2007 Tintara Shiraz McLaren Vale South Australia (Previously $18)

SKU #1087483

From the winery: "Concentrated flavours of dark forest fruits, plum and cocoa complement the sweet vanilla oak, along with savoury spice and cedar, all carried on a balanced structure of fine grained, juicy tannins to give a palate of rich and even persistence. Enjoy now, or cellar for 10 years."

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Price: $7.99

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By: Jim Chanteloup |  K&L Staff Member  |  Review Date: 3/15/2012  | Send Email
Some of you should remember the 2006 Tintara Shiraz as we sold over a thousand bottles at $9.99 and almost 3,000 bottles of the '06 Cabernet. Well the Shiraz is back in the form of the 2007 vintage and it's a steal at $7.99. The nose shows smoky blue and blackberry fruits coupled with notes of cedar, spice, bittersweet chocolate and a hint of wintermint. On the palate, there is the classic McLaren Vale acidity with supporting silky fine grained tannins that lead to a fine finish. Grab a case to have for your week day wine or the next party you throw.
Top Value!

 By: Mike Kahns |  Review Date: 4/30/2012 
This is pretty good Aussie Shiraz for $8. Good complexity and structure, if I remember correctly under 14% alcohol. A lot to like in addition to price!

Additional Information:

Varietal:

Shiraz/Syrah

- One of France's noblest black grape varieties, Syrah is known for its intense and distinctive perfume reminiscent of briar fruit, tar, spice and black pepper and its firm structure. One of few black grape varietals frequently vinified on its own, the best examples of Syrah come from the Northern Rhône, particularly Hermitage, but also Côte-Rôtie, Cornas, Crozes-Hermitage and St-Joseph. These wines are very astringent in their youth, though some Crozes-Hermitage and St-Joseph can be enjoyed young, relatively speaking. Given the requisite patience, though, these wines can reveal amazing complexity and secondary fruit characteristics like plum and blackcurrant as well as subtle hints of smoke and flowers. In the Southern Rhône, Syrah is used to add structure and complexity to wines dominated by Grenache and complemented by Mourvèdre, like the more immediately drinkable Côte du Rhônes, as well as the long-lived wines of Châteauneuf-du-Pape. In recent years, plantings of Syrah have spread throughout the Languedoc-Roussillon where it is produced on its own or blended with other varietals. Outside of France, the most important Syrah growing country is easily Australia, where it is called Shiraz. Quality levels here depend greatly on yields and geography, and the wines range from bold, fruity and easy-drinking to intense and ageable, like the famed Penfolds Grange. Often bottled on its own, in Australia Syrah is also can be blended with Grenache and Mourvèdre, as in the Southern Rhône, and is increasingly combined with Cabernet Sauvignon. Syrah has also been steadily increasing in popularity in California, thanks to a group of advocates called the Rhône Rangers. Its most successful iterations come from the Central and Sonoma Coasts, where winemakers are pushing boundaries and creating some incredible wines. In recent years Syrah has also found a number of proponents in Washington State, which is definitely a region to watch for this variety.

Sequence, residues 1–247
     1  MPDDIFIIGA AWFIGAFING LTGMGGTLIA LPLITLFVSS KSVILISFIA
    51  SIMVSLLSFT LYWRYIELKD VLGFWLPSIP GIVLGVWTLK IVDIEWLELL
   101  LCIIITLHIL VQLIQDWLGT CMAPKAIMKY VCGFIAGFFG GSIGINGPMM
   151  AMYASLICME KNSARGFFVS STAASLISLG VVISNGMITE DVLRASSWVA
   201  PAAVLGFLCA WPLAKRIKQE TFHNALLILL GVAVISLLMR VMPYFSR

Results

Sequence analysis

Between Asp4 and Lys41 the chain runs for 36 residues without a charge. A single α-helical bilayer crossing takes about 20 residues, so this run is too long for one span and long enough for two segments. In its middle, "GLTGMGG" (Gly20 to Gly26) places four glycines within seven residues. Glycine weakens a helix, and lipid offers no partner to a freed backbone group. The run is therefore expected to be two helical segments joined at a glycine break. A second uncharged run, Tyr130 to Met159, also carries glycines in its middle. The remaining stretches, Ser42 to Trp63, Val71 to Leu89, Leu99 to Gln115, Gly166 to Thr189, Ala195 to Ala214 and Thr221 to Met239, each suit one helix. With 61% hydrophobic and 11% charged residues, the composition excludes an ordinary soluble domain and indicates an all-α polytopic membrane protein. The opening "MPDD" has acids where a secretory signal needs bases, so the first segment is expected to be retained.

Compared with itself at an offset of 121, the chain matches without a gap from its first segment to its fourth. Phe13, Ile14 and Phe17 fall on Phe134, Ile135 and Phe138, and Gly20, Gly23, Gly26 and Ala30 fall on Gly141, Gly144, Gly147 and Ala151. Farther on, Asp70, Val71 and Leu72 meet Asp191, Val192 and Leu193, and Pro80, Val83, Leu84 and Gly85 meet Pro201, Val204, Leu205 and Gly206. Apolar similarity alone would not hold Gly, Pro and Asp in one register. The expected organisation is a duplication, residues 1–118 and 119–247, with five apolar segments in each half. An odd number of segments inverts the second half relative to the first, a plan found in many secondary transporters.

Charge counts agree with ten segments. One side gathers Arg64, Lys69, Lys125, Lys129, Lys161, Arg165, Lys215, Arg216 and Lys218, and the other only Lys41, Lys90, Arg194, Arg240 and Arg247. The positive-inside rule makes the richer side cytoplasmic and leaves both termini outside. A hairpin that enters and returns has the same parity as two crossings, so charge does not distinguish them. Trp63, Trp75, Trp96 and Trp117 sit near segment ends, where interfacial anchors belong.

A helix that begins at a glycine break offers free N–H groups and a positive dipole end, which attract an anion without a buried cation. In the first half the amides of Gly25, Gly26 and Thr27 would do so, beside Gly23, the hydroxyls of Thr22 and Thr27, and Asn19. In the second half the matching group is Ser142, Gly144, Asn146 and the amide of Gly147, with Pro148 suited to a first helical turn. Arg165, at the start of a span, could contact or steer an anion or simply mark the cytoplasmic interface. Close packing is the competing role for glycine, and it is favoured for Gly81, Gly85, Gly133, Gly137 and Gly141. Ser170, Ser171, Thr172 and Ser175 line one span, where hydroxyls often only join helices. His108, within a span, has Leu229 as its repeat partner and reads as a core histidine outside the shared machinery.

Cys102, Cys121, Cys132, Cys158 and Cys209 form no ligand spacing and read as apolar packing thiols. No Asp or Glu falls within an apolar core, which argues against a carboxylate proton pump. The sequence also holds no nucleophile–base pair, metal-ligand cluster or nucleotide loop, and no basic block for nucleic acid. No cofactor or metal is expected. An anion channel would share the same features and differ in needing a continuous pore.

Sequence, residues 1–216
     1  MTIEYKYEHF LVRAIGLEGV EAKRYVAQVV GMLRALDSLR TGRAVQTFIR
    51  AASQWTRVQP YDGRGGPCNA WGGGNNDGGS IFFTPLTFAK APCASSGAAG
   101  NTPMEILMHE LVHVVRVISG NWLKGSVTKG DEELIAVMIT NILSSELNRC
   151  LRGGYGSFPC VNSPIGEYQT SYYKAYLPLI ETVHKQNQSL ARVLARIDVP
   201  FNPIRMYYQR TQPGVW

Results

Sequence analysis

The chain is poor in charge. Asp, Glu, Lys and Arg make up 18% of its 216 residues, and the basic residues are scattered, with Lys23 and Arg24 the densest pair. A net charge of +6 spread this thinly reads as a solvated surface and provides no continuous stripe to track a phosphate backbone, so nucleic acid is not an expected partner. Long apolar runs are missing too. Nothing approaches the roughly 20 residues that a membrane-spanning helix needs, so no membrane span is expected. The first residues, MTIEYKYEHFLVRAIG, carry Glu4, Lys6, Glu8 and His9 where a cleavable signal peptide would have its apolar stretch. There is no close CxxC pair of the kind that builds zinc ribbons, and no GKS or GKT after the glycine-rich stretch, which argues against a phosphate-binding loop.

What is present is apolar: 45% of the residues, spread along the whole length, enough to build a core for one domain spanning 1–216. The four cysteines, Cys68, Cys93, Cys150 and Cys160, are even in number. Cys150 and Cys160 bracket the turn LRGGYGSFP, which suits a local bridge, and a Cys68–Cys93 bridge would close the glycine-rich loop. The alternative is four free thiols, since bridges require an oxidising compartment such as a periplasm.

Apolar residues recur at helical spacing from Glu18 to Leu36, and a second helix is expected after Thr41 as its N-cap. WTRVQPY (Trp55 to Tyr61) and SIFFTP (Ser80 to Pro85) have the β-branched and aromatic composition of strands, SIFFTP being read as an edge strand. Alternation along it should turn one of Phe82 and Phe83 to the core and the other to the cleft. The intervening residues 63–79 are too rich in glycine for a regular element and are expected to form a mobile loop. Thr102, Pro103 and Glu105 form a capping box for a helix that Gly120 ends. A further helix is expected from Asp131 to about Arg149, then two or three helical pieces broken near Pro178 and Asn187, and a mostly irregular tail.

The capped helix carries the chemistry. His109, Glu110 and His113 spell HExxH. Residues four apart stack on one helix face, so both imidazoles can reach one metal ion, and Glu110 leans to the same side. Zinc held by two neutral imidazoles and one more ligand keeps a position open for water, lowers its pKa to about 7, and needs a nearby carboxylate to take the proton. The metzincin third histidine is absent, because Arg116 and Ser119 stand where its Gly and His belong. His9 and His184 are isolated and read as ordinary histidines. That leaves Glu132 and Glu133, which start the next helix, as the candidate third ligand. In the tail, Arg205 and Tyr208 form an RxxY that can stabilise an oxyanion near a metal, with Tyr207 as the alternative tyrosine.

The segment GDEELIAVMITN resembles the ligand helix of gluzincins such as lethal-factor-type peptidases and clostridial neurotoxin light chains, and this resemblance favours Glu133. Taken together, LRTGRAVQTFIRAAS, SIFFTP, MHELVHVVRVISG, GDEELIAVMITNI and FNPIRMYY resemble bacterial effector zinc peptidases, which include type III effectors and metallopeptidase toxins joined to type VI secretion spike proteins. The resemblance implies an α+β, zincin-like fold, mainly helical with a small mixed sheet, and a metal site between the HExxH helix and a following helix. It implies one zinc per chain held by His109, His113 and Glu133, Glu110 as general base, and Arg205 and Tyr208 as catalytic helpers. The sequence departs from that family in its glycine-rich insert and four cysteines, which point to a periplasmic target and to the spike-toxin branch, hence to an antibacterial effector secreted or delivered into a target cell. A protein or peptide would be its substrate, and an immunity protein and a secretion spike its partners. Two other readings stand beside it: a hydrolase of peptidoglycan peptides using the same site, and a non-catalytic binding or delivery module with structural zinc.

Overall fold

Country:

Australia

- While it is true that the greatest strides in Australian winemaking have come in the last 30 years or so, commercial viticulture began as early as the 1820s and has developed uninterrupted ever since. The majority of the great Region are in the southeastern area of the continent, with the Barossa Valley, Claire Valley, McLaren Vale, and Coonawarra in South Australia, the Yarra Yarra Velley and Pyrenees in Victoria and the Upper and Lower Hunter Valleys in New South Wales. Many of the wines from Southeastern Australia are based on Shiraz or Cabernet Sauvignon and various blends including Grenache and Mourvedre. In Western Australia, along the Margaret River, great strides are being made with Pinot Noir as well as Bordeaux-styled reds. There are also many world-class releases of Chardonnay, Sauvignon Blanc and Riesling from the land Down Under. While many equate Aussie wines with "value", there are more than a few extremely rare and pricey options, which never fail to earn the highest ratings from wine publications and critics throughout the world. Click for a list of bestselling items from Australia.
Sub-Region:

South Australia

Specific Appellation:

McLaren Vale

Alcohol Content (%): 14